Pax juices up its notion of 'family fare'

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Lowell "Bud" Paxson was in fine fettle following the prime-time upfront presentation of his Pax network, run for the first time by NBC sales and programming executives. Mr. Paxson watched from the sidelines.

The Peacock suits crowed to a very modest gathering of advertising buyers about how they have developed a whole slate of programs that are in keeping with Pax's wholesome "family focused" mission.

Mr. Paxson, when asked if the new schedule will lift the network out of its perennial audience slump-Pax shows seldom breaks even a one rating among households each week-said: "We're gonna kick ass."

The NBC team offered a redefinition of what the American family is-no longer traditional and "nuclear," but more likely to be headed by a single mom or dad. In the past, these were called troubled or broken homes, which pretty much describes the Pax and NBC's past relationship.

General Electric Co.-owned NBC bought about a third of Pax in 1999, and last November, effectively sued for divorce by trying to force parent Paxson Communications to buy it all back. Earlier, in 2001, after NBC bought Telemundo Communications, Paxson filed an arbitration claim against NBC for alleged breach of agreement. The claim was dismissed. And for years now, Paxson has complained that NBC never helped it improve its programming slate.

head of household

The family feud now appears to be over, with NBC essentially designated head of household. This year, Pax's seventh season, the broadcaster has 11 shows developed by a Peacock team led by Sharaton Kalouria, senior VP-NBC Entertainment.

The schedule includes two game shows "On the Cover" and "Balderdash," both Trivial Pursuit-like contests; two scripted dramas, "Left Behind" and "Young Blades"; and three variety shows, "America's Most Talented Kids!" "The Magician" and "World Cup Comedy," produced by Kelsey Grammer.

But more ambitiously, Pax is bulking up for the first time on reality shows. "Model Citizens," a show about fashion models who go to "main street America" to fix roofs, dig ditches and perform other good deeds and "Second Verdict," a courtroom challenge show. The most promising is "Cold Turkey," produced by "Average Joe" creator Stuart Krasnow. "Turkey" puts a group of hard-core smokers into a group house where they try to quit the habit for cash, over the course of 10 episodes.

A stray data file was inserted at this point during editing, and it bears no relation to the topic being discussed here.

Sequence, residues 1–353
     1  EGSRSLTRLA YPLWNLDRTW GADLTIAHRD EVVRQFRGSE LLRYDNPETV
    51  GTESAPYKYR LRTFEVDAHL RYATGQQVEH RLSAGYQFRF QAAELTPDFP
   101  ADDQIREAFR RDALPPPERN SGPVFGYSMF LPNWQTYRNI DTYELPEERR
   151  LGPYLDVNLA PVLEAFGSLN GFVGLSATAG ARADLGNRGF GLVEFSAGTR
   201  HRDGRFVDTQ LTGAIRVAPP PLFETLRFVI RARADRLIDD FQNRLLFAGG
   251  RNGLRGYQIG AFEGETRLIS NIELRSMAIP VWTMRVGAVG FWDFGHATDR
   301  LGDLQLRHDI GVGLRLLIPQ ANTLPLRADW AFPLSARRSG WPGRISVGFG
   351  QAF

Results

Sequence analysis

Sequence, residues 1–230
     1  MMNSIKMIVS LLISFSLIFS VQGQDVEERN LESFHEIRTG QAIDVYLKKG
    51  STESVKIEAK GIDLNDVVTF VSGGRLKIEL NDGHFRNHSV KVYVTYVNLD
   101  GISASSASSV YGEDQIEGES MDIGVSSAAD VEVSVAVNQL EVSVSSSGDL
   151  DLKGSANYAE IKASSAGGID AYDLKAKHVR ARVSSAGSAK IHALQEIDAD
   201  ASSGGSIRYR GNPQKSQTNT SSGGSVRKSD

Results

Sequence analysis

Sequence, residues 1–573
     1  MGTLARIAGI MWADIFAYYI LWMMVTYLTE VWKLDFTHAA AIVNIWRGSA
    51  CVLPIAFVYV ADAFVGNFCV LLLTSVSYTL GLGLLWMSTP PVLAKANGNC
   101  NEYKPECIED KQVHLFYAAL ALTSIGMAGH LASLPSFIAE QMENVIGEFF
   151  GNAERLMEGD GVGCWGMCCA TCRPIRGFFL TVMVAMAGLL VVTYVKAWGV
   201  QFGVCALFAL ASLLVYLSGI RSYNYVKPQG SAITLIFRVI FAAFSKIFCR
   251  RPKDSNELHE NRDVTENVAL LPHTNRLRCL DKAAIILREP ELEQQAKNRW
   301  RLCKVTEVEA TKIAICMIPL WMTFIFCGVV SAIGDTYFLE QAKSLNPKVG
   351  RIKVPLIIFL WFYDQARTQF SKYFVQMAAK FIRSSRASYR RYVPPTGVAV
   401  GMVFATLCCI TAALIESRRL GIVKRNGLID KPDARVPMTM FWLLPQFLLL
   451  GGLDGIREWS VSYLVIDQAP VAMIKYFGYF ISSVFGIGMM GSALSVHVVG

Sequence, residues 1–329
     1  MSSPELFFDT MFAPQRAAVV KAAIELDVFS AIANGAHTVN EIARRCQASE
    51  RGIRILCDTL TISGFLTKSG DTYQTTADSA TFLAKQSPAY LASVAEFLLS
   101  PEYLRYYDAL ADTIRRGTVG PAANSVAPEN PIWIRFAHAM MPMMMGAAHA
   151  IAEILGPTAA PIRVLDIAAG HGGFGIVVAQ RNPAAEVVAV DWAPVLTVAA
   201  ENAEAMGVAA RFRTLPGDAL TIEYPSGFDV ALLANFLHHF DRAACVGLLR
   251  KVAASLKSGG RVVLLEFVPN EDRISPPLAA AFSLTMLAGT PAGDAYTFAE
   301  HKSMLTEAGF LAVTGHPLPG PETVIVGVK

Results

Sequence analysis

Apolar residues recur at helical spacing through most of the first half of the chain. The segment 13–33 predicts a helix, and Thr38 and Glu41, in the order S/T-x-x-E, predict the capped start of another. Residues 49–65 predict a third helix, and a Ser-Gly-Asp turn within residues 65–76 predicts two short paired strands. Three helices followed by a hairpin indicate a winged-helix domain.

"We are on the right track to take Pax to the next level," said Keith Turner, president, NBC Universal sales and marketing, who opened the upfront show. "Producing new shows that prove family friendly programming doesn't have to be boring."

Indeed, the clips for the new lineup were downright racy for a family focused network. "Model Citizens" and several beauty-pageant specials showed lots of cheesecake, and a clip for "Sue Thomas, F.B.Eye," a drama about a deaf FBI agent, exploded with gunplay and fist fighting. Perhaps most unexpected was the morbid creepiness of "Left Behind," a series based on the popular series of Christian novels by Tim LaHaye and Jerry Jenkins. The story, based on the biblical prophecies surrounding the apocalypse, follows those left behind after the "rapture," a cataclysmic event that zaps millions of people around the world out of existence. The few "left behind" search for friends and family.

"I was surprised to see the guns," Mr. Kalouria said of the action in the clip for "Sue Thomas," which is a returning series produced by Paxson, not NBC. "But you know, this programming is not about the complete absence of violence, it's about the absence of gratuitous violence. It is about the absence of graphic sex, but not the absence of sexual tension. We're going after hip families now. These are not Norman Rockwell's families."

the new family

Alan Wurtzel, president-research and development at NBC, presented the new profile of contemporary families during the upfront event. "In 1960, 31% of American households were nuclear families," he said. The U.S. census defines nuclear families as husband works and wife stays at home with children. "In 2002, only 7% were nuclear." The rest, according to Mr. Wurtzel, are an assortment of relationships from "divorced mom with kids" to "living together with kids."

The problem is that today's families just aren't taking to Pax. During the week of April 26 through May 2, only one show broke above a one rating-that was "Sue Thomas," which hit a 1.0 rating and 2 share in households in its 9 p.m. slot on Sunday night.

And despite NBC's efforts to reinvigorate Pax, many advertisers don't see much hope for it. In fact, not one top media buying executive attended the Pax upfront. Bill McOwen, exec VP-director, national broadcast at Havas' MPG USA said that for advertisers, especially package-goods marketers and domestic automakers that need to get the attention of consumers in the middle of the country, where Pax has deep access, the network can be a safe buy.

"It's safe, it's efficient, theoretically it reaches the 17% of homes that cable has a hard time reaching ... and that's not a bad thing. Pax has its audience, there's no question, but there's a very difficult synergy that exists right now with Pax and NBC. There is really not much that one can offer the other, quite frankly."

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